“We know that if our engineers develop in OpenStack, in production it will be stable. Everyone in the industry wants more stability in the future, but that doesn’t prevent us from using OpenStack now.”

Also, he noted that when their software drives success and growth, no one outside the company earns money on that growth and success, echoing a key theme of the software-defined economy that Bryce described in his keynote.

Summit attendees get to enjoy the BMW i8 all week, on display in the “OpenStack Marché” expo hall.

Wrapping up the morning user presentations was Matt Haines of Time Warner Cable. He explained how his company is evolving into a devops culture, remarking that “for a cable company, these are exciting times.”

Time Warner Cable is using OpenStack to power a self-service platform for its developers, offering automation, geo-redundant cloud environments, live migration and more.

“I’ve been working with OpenStack since Diablo,” reflected Haines. “So, I know it is ready.”

The morning wrapped with the presentation of the first Superuser Awards. The winner was CERN, with the OpenStack Infrastructure team receiving an honorable mention. Congratulations!

The Ops Summit: Users Speak Up on the Future of OpenStack

Operators of OpenStack cloud play a key role in making each iteration of the software better. In March of this year, the OpenStack community launched it’s first-ever Ops Summit in San Jose, a focused effort to bring the voice of OpenStack cloud operators into the development roadmap.

At the OpenStack Summit in Paris, the fourth Ops Summit is taking place. With approximately 500 participants, the Ops Summit is a place where OpenStack cloud operators can gather to share best practices and develop a focused, unified voice of feedback about their experiences using OpenStack.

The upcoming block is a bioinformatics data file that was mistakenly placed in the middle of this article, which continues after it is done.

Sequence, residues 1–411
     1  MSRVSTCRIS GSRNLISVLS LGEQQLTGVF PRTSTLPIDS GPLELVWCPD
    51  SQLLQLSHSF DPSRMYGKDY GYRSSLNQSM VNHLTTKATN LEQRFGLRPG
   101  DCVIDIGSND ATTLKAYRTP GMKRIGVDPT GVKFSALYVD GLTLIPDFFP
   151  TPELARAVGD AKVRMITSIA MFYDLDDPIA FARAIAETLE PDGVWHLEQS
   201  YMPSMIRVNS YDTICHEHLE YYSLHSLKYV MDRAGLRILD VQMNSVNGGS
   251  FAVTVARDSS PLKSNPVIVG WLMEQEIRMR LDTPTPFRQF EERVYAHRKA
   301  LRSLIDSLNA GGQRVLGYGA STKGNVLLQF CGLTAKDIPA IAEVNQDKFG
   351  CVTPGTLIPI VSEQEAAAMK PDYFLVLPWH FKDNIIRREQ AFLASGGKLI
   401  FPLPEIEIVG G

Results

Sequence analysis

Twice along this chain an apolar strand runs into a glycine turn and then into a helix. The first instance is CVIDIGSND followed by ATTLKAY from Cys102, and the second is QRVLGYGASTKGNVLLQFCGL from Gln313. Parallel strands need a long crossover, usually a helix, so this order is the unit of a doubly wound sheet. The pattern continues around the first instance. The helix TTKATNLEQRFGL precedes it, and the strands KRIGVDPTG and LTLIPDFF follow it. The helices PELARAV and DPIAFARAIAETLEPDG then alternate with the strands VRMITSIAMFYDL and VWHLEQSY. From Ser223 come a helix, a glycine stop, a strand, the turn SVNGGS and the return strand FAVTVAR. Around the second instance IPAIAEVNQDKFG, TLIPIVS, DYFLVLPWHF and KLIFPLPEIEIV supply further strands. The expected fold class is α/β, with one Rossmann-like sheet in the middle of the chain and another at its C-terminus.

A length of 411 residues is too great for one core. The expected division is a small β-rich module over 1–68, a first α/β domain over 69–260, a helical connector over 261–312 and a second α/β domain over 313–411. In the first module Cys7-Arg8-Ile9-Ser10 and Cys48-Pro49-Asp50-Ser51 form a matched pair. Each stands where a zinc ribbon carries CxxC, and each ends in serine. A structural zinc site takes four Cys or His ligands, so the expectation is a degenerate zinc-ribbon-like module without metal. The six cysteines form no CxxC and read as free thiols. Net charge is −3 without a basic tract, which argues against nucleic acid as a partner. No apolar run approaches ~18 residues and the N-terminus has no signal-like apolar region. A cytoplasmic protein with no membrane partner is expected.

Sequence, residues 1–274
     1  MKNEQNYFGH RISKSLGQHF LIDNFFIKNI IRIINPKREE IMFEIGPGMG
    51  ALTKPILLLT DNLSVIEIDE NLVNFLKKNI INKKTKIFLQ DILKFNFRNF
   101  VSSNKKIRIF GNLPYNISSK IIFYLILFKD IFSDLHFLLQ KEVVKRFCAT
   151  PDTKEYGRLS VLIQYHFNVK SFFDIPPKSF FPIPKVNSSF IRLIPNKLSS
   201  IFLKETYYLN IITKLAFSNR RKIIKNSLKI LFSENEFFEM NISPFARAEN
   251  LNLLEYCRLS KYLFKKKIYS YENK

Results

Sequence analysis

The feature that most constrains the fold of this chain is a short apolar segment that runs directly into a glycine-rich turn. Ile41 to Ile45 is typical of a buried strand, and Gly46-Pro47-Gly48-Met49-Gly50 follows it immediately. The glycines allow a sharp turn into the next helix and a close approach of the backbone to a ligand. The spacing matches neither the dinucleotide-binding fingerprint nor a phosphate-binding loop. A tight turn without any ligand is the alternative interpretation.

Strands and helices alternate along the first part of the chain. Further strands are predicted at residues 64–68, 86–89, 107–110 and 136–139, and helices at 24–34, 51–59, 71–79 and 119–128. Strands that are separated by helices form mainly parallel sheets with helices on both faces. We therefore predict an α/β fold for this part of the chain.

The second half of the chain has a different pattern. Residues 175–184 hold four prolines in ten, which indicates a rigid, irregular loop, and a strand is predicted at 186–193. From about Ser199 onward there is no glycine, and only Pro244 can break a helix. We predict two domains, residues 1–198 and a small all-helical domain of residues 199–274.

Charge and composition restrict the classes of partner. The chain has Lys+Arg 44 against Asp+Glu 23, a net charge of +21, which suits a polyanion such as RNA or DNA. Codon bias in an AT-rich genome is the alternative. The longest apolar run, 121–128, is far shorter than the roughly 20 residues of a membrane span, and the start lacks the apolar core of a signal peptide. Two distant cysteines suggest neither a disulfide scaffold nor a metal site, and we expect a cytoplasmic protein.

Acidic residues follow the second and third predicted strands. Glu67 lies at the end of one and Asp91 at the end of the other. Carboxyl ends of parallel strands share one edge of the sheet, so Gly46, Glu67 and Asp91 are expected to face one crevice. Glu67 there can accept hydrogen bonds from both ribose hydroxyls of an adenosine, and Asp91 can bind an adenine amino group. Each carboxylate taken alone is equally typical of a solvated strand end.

The audience includes operators of massive public clouds, enterprise clouds, research-focused academic clouds and everything in between, across multiple industries and application use cases. Some are hardcore systems administrators, and some are simply representing their teams. All of them have experience actually using OpenStack on a daily basis.

Feedback from operators is incorporated into the next integrated OpenStack release in one of two ways. First, there is a collating and distribution process from the collective notes of the group, utilizing Etherpad technology and a group of ops editors. Second, devs participating in the Ops Summit interact directly with operators, hearing firsthand what needs to be addressed and why.

This Ops Summit was organized and led by Tom Fifield of the OpenStack Foundation on behalf of the OpenStack User Commitee: Tim Bell, Subbu Allamaraju and Jon Proulx. Today’s sessions focused on big-picture feedback, and the second day of the Ops Summit (Thursday) focuses on specific action items that need to be taken to address issues raised on Monday.

Topics generating substantial interest at this Ops Summit include improvements to rolling upgrades, Ironic bare-metal provisioning, high-availability and the distributed virtual router project in OpenStack Networking (Neutron), and logging.

Today, Ops Summit attendees formed a new working group. Called the Application Ecosystem Working Group, the team is focused on bringing software developers into the OpenStack roadmapping process.

Read More: